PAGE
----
Net Neutrality Looking Forward

By TAP Staff Blogger

Posted on February 6, 2011

Everyone agrees that the Internet has become an important factor in economic growth and innovation. While providing a foundation for innovation, the physical and virtual networks that comprise the Internet have undergone a process of almost continual change. Policymakers continue to be challenged by the puzzle of how and whether to regulate the Internet, preserving its role as an engine of growth while still allowing it to evolve. The debate over net neutrality concerns whether legally enforceable rules are needed to keep the Internet “open” to innovation by end users, either individual consumers or firms like and Google. Some observers began to raise concerns over a decade ago that broadband network operators like Comcast or AT&T Wireless would block or degrade content carried over their networks. In December of 2010, the Federal Communications Commission (FCC) announced its Open Internet Order, the first detailed legally enforceable net neutrality rules. (For more basics on net neutrality, see TAP’s Net Neutrality Fact Sheet).

The Open Internet Order includes three basic rules:
  • Transparency: Broadband providers must disclose information about how they manage their networks. 

  • No Blocking: Broadband carriers must let users access lawful content, sites, applications, and devices, though some limit may be permitted for reasonable network management. Mobile carriers will have somewhat more leeway to impose restrictions. 

  • No Unreasonable Discrimination. “Discrimination” ordinarily would refer to charging different but similar customers different prices. The FCC’s comments suggest that deals where a customer pays more to have his traffic given priority, “pay for priority,” will violate this rule.

The rules are controversial, with some arguing that the rules do not go far enough to guarantee an open Internet, and others that the rules go too far or are unnecessary. Commissioner Baker’s dissent from the FCC’s order emphasizes that there is little evidence that such rules are needed and that the regulation will hurt job growth. Commissioner McDowell’s dissent makes similar arguments, and both dissenters argued that the FCC had overstepped its authority in adopting the new rules. Several legislators proposed bills that would overturn the FCC’s order, including the H.R. 96, the Internet Freedom Act.  In January of 2011, TAP scholar Christopher Yoo joined the Internet Caucus discussion entitled “2011 State of the Net Panel: Congress & the Open Internet Order: Discuss,” with other speakers to talk about possible Congressional responses.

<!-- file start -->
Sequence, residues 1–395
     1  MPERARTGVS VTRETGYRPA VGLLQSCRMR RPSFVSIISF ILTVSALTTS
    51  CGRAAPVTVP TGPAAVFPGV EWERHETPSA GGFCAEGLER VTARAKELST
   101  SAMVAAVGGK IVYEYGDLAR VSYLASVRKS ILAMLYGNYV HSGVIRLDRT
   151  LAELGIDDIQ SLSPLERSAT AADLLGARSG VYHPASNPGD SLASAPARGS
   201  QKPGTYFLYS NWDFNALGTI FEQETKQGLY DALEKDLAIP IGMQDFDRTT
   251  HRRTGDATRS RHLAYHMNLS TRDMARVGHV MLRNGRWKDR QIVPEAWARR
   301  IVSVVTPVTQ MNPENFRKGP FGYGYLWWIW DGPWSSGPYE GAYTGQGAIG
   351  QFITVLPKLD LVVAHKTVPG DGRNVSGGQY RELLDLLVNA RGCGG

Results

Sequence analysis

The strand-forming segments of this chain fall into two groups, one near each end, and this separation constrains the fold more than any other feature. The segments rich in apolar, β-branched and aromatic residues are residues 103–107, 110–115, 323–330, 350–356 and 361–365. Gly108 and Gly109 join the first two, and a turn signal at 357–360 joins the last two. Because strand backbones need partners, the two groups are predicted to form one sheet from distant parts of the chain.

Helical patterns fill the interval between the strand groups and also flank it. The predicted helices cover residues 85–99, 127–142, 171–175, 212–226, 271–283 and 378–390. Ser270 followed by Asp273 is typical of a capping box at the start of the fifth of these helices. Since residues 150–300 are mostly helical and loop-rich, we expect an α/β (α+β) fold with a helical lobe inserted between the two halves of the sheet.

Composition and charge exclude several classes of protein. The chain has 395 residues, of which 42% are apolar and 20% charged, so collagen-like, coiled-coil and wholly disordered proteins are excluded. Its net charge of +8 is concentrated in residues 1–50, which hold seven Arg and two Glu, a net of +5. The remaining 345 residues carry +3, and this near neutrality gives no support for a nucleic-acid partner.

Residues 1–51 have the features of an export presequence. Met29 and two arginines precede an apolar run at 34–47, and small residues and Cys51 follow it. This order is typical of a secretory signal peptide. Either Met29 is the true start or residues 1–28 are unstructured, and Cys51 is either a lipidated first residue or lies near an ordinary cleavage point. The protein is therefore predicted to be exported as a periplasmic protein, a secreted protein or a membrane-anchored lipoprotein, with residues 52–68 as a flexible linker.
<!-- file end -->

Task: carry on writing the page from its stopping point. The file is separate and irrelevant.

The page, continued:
On January 20, Verizon filed a Notice of Appeal of the FCC’s Open Internet Order in the D.C. Circuit Court of Appeals, as covered by Reuters, PC Magazine, and CNET.  The same day, Verizon filed a motion to request that the case be decided by the same panel of judges that decided FCC v. Comcast in April of 2010. In this case, the judges were unanimous in ruling that the FCC’s attempts to penalize Comcast for limiting subscribers’ peer-to-peer network traffic exceeded the FCC’s mandate from Congress. TAP scholar Dale Hatfield and other observers address the state of the FCC and proposals for reform at a conference in March of 2010, described here on TAP.

One of the key questions in the net neutrality debate is whether competition between broadband carriers is enough to keep the large carriers from trying to take advantage of other’s reliance on their networks. TAP scholar Nicholas Economides argues that competition between broadband carriers will not be enough to prevent harm to consumers from higher prices in his “Why We Need Net Neutrality” and at greater length in "’Net Neutrality,’ Non-Discrimination and Digital Distribution Through the Internet." Tim Wu’s new book “The Master Switch: The Rise and Fall of Information Empires” argues that, over time, communications networks will come to be controlled by monopolies. But Daniel Spulber and Christopher Yoo’s paper “Rethinking Broadband Internet Access” argues that broadband competition should be sufficient to make net neutrality rules unnecessary. TAP scholar Gregory Rosston and coauthor Michael Topper explore issues related to net neutrality and wireless in their paper “An Antitrust Analysis of the Case for Wireless Network Neutrality.” They examine the business practices of wireless broadband carriers. They conclude that while some of the carrier’s practices are controversial, they may actually help consumers. They also find that the wireless industry is competitive, but some regulatory changes would make it more so, lessening the need for net neutrality rules.

Experts also disagree on whether net neutrality rules are likely to harm consumers or reduce investment. Christopher Yoo takes the view that net neutrality rules could harm consumers in “Network Neutrality, Consumers, and Innovation.” Economists Robert Hahn and Scott Wallsten also argue, in “The Economics of Net Neutrality” that the rules probably would be harmful. Lawrence Lessig and Ben Scott outline potential benefits to consumers in "Public Must Fight to Maintain Net Neutrality." Tim Wu and Robin S. Lee’s paper “Subsidizing Creativity through Network Design: Zero-Pricing and Net Neutrality” argues that net neutrality rules would promote innovation by Internet users.  Jay Pil Choi and Byung-Cheol Kim’s "Net Neutrality and Investment Incentives" takes a moderate position, noting that net neutrality could encourage businesses that use the Internet as a platform, but could reduce investment in technology that uses a "fast lane."

TAP continues to follow the debate on this timely subject. Check back for updates on this issue, or use TAP's search with keywords, "net neutrality" to see additional articles and posts.